Getting the Most Out of Pro Tools
Why Cutting Lows Can Cause Digital Clipping
Have you ever wondered why rolling off low frequencies can sometimes cause a waveform to clip? It seems like, since you're removing energy, and the volume is going down, that the peaks should be less. That's not always the case.
The two images below demonstrate how removing low frequencies can sometimes cause digital clipping. This is an idealized, controlled situation created strictly by mixing simple waveforms generated by the Pro Tools Signal Generator plug-in. That makes it easier to see what is happening than with a real-world example of rolling off lows from a complex waveform, and it eliminates the possibility that the clipping is caused by an EQ plug-in doing something it shouldn't. Three waveforms in three different frequency ranges are used:
- 30 Hz sine, steady state
- 150 Hz triangle, steady state
- 7 KHz sawtooth, positive-rectified, enveloped to form a transient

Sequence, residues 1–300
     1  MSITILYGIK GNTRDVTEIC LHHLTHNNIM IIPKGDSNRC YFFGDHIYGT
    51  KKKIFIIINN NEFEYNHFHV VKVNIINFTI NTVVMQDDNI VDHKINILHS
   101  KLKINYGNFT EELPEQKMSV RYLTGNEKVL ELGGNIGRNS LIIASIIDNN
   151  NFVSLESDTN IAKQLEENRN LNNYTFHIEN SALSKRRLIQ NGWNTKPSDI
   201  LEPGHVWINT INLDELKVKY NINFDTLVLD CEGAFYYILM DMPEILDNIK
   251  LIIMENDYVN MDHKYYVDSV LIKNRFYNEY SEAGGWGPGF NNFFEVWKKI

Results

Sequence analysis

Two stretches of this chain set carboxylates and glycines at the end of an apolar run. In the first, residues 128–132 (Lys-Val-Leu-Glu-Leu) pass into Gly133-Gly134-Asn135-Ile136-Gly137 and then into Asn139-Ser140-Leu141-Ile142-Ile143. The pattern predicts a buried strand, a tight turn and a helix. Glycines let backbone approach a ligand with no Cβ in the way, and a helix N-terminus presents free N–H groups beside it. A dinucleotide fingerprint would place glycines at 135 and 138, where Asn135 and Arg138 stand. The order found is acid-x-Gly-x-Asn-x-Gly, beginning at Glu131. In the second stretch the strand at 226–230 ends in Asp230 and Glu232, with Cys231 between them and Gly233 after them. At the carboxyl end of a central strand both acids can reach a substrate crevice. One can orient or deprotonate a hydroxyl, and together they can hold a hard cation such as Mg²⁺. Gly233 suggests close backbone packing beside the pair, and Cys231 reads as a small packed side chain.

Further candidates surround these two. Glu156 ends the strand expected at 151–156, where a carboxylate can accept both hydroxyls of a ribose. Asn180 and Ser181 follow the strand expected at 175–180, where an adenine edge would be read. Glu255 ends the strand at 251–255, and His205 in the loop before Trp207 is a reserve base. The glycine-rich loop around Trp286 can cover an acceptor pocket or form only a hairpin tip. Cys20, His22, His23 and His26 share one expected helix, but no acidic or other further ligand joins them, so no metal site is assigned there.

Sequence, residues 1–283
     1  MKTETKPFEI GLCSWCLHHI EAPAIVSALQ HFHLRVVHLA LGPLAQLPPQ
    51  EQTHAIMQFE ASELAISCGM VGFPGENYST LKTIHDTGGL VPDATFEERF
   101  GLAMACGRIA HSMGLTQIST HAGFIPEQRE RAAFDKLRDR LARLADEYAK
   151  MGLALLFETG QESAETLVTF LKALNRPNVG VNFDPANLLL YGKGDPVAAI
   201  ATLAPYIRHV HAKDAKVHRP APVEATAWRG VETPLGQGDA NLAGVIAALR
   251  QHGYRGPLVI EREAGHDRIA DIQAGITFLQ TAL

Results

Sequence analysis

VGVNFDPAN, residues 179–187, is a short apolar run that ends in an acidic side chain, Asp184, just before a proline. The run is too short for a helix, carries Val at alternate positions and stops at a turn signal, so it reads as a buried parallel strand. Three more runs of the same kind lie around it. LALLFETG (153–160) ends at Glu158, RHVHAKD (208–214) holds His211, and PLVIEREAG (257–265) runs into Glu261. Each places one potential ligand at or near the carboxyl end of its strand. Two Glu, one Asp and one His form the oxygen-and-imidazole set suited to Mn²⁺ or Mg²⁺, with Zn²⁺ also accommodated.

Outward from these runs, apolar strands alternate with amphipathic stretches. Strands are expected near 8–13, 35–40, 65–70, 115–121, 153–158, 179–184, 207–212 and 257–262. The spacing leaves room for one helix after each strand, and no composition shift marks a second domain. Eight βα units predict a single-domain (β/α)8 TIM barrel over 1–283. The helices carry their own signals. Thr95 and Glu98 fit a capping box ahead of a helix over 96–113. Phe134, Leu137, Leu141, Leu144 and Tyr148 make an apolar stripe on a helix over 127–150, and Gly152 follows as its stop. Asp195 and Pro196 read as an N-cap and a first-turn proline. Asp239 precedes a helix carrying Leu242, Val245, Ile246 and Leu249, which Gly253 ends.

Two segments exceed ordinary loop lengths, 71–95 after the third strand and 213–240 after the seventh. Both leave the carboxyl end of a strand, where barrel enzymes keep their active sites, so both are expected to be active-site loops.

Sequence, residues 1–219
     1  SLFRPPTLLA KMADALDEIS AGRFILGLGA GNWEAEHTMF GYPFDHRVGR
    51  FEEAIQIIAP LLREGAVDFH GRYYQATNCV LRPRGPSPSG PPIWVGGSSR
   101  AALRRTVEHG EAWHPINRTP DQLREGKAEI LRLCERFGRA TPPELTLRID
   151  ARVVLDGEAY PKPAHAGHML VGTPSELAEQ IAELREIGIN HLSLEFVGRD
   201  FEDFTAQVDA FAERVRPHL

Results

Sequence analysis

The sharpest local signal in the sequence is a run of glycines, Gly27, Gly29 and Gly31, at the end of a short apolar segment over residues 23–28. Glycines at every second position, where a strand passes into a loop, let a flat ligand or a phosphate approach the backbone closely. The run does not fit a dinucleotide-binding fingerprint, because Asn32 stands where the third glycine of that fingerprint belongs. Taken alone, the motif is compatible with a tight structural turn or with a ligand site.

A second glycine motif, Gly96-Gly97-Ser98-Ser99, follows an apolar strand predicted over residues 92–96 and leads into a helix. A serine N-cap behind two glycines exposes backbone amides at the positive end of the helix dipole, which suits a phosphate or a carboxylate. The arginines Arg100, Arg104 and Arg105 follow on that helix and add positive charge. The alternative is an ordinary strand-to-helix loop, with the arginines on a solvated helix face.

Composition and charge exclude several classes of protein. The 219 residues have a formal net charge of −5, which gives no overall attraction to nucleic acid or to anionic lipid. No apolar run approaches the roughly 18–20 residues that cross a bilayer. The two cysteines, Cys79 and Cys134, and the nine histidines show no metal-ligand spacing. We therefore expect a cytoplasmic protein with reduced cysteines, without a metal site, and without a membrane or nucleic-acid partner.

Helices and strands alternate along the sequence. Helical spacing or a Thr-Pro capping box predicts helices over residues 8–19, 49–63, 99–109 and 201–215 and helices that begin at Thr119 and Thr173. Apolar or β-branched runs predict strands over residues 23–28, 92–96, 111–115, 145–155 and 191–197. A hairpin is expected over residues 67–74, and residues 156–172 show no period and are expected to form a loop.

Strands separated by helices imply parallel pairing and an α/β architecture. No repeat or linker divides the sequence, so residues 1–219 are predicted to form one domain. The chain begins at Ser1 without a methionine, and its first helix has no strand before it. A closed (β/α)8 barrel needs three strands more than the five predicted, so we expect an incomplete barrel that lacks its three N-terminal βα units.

None of the waveforms alone clips.
Image 1: All three waveforms summed together - no clipping. The top three are the individual waveforms, the bottom one is the mix.
Image 2: 30 Hz sine muted, triangle and transient summed - the transient clips.
In the first image, notice how the triangle wave "rides" the sine wave. They modulate each other. The transient is also modulated by both the sine and triangle (and vice versa). The transient occurs during a negative excursion of the 30 Hz sine wave and a positive excursion of the triangle wave. The greater energy of the 30 Hz sine wave dominates, causing the transient to begin its rise from a point well below 0 volts. The summed triangle and transient waves exceed the positive range of the system (the room from 0 to maximum positive excursion). However, since their peaks occur during a negative excursion of the low sine wave, they don't clip.
In the second image, the transient, riding up on the positive peak of the triangle wave, exceeds the headroom of the system. It clips because it began its rise from a place well above 0 volts, on the back of the triangle wave, so to speak.
To reduce the math to simple terms, let's say the system can handle from -10 to +10. The 30 Hz sine wave travels from
DUC ID: daeron80
Written: May 2006
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